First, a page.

In other industries, data based on customer-behavior patterns can identify what your most loyal customers are doing with your product, as well as what the ones you’re losing aren’t doing. Calm, a meditation app, analyzed its users’ behavior data and learned that daily reminders were a causative factor for retention. The company also learned that 40 percent of users who were prompted to set a reminder did, so it included those prompts in its subsequent app update.
3. Prioritize agility above all else.
Although many startups initially launch as flat organizations, as they grow, they often revert to a more traditional hierarchical system. According to Zach Ferres, CEO of Coplex, a company that helps startups grow and scale using agile techniques, hierarchy divides rather than bridges the gaps that exist between people and departments.
In the same vein, a recent report from Forrester showed that 92 percent of businesses surveyed that were highly successful at managing change were, at the very least, also moderately agile. The more agile they were, the more effectively they could administer innovative, organizationwide changes.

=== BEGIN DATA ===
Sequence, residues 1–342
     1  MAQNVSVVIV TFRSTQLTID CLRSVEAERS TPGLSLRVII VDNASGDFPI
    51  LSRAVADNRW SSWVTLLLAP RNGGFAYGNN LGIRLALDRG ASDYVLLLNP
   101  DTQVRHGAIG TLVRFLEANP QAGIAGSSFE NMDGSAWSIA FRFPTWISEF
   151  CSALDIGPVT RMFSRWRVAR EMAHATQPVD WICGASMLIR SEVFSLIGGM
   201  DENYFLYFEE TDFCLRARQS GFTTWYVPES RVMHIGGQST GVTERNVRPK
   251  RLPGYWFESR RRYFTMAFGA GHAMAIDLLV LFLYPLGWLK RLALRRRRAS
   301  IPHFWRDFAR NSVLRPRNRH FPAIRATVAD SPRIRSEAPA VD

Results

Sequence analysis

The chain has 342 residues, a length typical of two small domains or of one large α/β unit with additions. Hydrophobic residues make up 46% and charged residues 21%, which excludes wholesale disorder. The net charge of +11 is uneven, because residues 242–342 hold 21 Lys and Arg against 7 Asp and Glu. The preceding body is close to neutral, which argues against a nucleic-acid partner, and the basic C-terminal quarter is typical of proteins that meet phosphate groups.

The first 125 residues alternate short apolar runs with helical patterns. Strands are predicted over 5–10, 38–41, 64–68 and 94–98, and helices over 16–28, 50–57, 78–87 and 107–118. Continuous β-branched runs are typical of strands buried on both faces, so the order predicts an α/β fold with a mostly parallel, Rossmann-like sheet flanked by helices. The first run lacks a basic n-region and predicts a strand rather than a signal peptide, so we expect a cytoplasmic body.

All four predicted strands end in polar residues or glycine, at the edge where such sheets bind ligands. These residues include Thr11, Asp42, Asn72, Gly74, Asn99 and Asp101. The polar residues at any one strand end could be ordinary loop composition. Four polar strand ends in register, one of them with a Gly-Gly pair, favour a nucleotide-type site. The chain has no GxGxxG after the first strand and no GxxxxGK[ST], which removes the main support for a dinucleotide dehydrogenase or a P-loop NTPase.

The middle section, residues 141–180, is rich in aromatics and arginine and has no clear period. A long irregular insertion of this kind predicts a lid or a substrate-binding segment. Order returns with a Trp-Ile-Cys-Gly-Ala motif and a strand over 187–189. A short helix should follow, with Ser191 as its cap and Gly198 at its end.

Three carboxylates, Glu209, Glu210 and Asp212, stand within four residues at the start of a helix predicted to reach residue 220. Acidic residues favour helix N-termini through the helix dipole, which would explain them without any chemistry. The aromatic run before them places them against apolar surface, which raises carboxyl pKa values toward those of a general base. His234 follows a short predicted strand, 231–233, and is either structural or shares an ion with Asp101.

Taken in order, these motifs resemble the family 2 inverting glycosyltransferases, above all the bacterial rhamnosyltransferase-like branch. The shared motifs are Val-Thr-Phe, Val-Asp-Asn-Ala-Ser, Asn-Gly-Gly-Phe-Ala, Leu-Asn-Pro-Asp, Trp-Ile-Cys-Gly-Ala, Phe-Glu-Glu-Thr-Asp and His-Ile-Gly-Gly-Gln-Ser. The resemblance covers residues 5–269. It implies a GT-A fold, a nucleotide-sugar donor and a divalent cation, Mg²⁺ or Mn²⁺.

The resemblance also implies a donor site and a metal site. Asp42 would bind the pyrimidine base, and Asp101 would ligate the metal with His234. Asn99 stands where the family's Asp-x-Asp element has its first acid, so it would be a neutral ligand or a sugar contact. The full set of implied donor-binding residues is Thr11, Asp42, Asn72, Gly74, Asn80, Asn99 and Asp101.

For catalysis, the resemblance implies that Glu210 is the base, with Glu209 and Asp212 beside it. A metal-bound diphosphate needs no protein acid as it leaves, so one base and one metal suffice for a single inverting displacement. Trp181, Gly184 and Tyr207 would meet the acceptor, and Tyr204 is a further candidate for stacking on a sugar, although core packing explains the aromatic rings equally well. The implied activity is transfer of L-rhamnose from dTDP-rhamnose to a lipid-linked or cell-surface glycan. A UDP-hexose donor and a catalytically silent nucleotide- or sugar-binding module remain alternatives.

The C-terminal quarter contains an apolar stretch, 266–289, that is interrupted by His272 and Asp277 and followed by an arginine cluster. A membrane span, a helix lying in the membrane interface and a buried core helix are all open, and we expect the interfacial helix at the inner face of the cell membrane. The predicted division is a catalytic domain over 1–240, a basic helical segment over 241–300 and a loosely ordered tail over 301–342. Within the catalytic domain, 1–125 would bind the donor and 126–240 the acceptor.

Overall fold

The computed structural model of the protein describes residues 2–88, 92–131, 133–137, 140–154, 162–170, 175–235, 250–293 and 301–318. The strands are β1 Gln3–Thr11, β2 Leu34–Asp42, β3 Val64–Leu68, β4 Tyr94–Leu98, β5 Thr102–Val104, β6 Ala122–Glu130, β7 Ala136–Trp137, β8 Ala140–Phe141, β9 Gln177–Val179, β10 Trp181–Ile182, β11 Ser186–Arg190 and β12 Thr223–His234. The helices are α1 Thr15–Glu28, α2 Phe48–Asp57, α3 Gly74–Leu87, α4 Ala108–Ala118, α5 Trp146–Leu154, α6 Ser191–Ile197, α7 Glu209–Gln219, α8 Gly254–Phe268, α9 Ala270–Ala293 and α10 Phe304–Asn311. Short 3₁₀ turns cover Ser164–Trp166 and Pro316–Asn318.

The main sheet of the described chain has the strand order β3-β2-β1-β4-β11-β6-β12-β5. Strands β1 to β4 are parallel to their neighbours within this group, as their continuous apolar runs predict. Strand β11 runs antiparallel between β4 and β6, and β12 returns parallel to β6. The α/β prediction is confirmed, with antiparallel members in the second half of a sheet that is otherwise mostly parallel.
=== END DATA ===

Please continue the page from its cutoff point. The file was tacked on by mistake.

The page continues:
Traditional health care is a full pendulum swing away from your typical startup, but today’s environment is anything but traditional. To maintain critical infrastructure to better support internal communications systems and key applications, healthcare organizations are mobilizing agility, using bimodal IT strategies.
Investing in, and deploying, a bimodal IT strategy, which entails managing two separate modes of IT — one focused on stability, the other on agility — helps organizations align business goals with IT.
This accommodates for the availability of electronic health records, for example, which is both predictive and mission-critical.It also opens up access to sophisticated, on-demand compute cycles for data analytics using cloud connectivity. This approach is a win-win IT philosophy that can wildly benefit all startups.